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IA-Forum Interview: Graham Harrison

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International Affairs Forum: Can you give us a brief outline of what you’re researching at the moment?

Graham Harrison:: Representations of Africa within British politics – especially within the campaign sector.


IA-Forum: Do you think the aims and demands of Africa campaigns are appropriate or realistic?

Harrison: Yes – the demands are if anything moderate and attached to the Millennium Development Goals which are also moderate. It is a reflection of the indifference of governments that they might be seen as unrealistic. There is a failure of political leadership.


IA-Forum: To play devil’s advocate, couldn’t it be argued that governments are reflecting public indifference?

Harrison: There is a chicken and egg aspect to this. I think on balance that it would be disingenuous to argue that people get the leaders they deserve because it is self-serving for politicians. The mass popularity of Make Poverty History demonstrates that public indifference is not a natural phenomenon.


IA-Forum: Has the drive to raise awareness come at the expense of more tangible political gains?

Harrison: With Make Poverty History (and perhaps ONE in the US) the widespread popularity of this mass campaign did not lead to a great increase in awareness of African or global issues of poverty or development. The pressure exerted by mass awareness was significant, but the issues and politics were driven by an already-established core of supporters.


IA-Forum: What are your views of such campaigns’ analyses of the politico-economic problems faced by African nations?

Harrison: These are largely very good. There have been strong debates about the way some NGOs have put their cases regarding debt or aid. But, no one would deny that campaign NGOs such as Action Aid have become hubs of expertise. The deeper limitation is that almost all the issue campaigning is based around debt, aid, trade, and the environment. There are other perhaps more profound questions relating to the livelihoods of poor people: for example government policy in Africa, the regulation of transnational corporations and land tenure, which are by and large not integrated into campaigns. This is understandable except that aid and debt relief directly affect poor states’ budgets and politics which makes the politics of these states relevant to any claims for debt relief or more aid.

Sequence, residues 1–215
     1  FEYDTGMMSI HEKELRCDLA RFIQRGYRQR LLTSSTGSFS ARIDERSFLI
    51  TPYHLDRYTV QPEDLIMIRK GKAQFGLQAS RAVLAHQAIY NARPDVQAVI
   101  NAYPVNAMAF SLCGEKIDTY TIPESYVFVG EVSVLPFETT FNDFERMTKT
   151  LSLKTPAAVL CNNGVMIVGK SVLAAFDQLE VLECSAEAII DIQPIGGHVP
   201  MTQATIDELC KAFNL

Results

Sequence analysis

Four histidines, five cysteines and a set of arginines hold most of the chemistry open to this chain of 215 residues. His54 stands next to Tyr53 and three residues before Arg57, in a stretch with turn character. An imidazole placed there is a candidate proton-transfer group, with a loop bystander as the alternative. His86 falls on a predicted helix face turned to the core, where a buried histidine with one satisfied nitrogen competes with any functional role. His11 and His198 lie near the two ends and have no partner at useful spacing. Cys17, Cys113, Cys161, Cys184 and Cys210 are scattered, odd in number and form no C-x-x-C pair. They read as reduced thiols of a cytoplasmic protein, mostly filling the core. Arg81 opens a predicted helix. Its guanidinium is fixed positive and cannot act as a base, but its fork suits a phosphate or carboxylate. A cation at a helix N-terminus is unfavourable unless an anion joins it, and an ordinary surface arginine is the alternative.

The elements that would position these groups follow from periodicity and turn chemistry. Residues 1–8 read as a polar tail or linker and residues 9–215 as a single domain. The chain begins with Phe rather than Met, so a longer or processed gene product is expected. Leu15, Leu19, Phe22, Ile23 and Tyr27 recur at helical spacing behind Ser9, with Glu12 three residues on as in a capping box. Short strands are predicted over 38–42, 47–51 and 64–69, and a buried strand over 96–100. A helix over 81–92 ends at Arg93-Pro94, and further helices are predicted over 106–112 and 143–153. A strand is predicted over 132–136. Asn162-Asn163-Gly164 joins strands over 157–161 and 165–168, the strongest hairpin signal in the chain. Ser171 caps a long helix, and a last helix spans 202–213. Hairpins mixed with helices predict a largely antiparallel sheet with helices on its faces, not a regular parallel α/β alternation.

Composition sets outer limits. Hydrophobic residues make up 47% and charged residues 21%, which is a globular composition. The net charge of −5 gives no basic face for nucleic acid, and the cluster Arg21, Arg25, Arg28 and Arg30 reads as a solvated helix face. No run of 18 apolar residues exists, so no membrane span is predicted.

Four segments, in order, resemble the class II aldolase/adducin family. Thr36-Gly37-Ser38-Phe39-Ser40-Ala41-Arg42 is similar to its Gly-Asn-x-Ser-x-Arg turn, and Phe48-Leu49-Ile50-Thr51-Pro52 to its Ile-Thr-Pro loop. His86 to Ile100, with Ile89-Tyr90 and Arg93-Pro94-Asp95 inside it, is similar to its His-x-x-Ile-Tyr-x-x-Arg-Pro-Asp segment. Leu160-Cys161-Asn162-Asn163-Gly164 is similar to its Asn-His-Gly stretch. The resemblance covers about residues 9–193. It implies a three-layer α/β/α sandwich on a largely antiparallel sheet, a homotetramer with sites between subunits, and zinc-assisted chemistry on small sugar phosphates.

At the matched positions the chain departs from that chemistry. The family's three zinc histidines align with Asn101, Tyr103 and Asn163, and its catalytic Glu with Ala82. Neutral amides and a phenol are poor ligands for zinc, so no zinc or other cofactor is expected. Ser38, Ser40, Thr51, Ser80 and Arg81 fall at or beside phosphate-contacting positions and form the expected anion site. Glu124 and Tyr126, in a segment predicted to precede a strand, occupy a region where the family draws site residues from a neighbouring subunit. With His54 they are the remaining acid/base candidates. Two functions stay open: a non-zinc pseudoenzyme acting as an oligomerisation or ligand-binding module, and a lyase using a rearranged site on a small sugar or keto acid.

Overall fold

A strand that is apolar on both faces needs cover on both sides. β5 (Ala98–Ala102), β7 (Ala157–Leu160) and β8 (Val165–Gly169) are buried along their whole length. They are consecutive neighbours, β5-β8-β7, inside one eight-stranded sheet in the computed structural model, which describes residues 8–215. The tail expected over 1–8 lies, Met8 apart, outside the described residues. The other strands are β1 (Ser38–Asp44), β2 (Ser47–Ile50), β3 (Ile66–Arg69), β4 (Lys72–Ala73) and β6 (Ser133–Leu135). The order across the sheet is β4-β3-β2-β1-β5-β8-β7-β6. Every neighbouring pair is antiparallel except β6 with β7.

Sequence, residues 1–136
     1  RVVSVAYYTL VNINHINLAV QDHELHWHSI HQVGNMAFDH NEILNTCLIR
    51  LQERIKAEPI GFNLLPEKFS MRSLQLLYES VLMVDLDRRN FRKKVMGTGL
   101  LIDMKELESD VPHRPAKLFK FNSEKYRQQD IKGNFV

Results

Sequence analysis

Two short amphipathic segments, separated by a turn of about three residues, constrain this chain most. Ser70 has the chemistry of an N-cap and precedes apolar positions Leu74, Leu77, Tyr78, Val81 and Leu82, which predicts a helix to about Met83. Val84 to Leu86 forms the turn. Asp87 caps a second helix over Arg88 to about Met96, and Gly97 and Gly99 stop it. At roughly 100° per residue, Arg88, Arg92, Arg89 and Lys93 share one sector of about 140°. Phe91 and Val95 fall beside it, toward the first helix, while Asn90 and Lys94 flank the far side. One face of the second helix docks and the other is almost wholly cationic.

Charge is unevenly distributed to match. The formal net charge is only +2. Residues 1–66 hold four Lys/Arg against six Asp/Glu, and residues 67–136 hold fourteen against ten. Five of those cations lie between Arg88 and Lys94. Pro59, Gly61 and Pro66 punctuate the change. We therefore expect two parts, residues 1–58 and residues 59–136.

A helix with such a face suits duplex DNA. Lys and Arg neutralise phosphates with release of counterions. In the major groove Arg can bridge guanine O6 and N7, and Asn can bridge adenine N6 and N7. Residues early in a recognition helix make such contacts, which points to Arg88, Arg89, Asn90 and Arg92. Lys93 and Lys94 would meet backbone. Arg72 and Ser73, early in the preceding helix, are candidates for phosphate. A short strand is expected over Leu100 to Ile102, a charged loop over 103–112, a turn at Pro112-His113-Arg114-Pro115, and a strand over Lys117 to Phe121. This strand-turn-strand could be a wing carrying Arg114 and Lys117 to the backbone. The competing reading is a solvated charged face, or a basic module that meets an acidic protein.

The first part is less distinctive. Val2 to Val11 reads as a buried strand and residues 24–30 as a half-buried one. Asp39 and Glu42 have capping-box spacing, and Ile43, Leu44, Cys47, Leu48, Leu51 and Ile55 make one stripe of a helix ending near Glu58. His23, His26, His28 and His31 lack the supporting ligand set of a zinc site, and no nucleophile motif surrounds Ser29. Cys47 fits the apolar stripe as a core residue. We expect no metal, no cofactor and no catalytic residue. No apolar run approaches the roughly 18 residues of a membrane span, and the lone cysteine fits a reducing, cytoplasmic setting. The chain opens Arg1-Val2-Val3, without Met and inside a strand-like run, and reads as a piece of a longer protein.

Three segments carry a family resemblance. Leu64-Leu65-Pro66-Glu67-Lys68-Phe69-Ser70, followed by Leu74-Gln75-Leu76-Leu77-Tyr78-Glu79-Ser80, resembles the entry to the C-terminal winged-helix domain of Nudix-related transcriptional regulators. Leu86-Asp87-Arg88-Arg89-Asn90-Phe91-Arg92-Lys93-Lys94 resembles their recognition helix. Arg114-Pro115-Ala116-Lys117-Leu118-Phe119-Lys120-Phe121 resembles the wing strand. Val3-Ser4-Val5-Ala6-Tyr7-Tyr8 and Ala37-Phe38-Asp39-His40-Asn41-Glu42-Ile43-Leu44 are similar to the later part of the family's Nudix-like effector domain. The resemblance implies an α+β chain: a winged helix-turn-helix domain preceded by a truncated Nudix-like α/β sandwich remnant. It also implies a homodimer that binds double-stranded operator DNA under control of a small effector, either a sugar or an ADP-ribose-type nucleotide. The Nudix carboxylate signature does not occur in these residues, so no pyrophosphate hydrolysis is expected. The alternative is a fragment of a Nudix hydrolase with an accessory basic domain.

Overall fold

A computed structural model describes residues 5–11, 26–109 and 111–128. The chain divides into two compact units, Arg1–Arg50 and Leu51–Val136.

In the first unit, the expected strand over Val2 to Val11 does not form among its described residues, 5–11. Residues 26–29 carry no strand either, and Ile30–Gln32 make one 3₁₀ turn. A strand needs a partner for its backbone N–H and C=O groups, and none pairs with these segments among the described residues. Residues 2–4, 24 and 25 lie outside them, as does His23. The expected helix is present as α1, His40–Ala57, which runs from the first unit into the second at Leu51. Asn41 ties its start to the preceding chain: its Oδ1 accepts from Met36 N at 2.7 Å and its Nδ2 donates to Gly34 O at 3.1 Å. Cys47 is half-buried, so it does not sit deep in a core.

IA-Forum: How far are the subtleties and complexities of the challenges being undermined by the need to present a simplified narrative?

Harrison: This is inescapable for mass mobilisation; but in regard to campaigning, NGOs are highly skilled at engaging in the issues. There is a need to distinguish between mass mobilisation and the interactions between campaign groups and government.


IA-Forum: Would you say, then, that the role of many of these NGOs has been to create that mobilisation through simple narratives, before mediating it to government in a more nuanced and politically-aware manner?

Harrison: Yes – NGOs generally have different people working on mass appeals/campaigns and lobbying and research.


IA-Forum: There seems to be an increasing trend for NGOs to unite in issue-based coalitions – for example the Trade Justice Movement. Do you think this is a helpful approach?